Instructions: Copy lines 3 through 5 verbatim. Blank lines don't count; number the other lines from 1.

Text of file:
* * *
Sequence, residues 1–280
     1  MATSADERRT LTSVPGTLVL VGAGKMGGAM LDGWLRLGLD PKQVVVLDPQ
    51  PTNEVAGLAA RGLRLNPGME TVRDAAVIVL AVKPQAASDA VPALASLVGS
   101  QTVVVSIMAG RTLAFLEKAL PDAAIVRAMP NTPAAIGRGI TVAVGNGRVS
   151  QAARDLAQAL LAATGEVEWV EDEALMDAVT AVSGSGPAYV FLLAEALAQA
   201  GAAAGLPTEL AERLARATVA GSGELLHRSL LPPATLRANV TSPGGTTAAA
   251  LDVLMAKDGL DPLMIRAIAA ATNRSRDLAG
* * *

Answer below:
    51  PTNEVAGLAA RGLRLNPGME TVRDAAVIVL AVKPQAASDA VPALASLVGS
   101  QTVVVSIMAG RTLAFLEKAL PDAAIVRAMP NTPAAIGRGI TVAVGNGRVS
   151  QAARDLAQAL LAATGEVEWV EDEALMDAVT AVSGSGPAYV FLLAEALAQA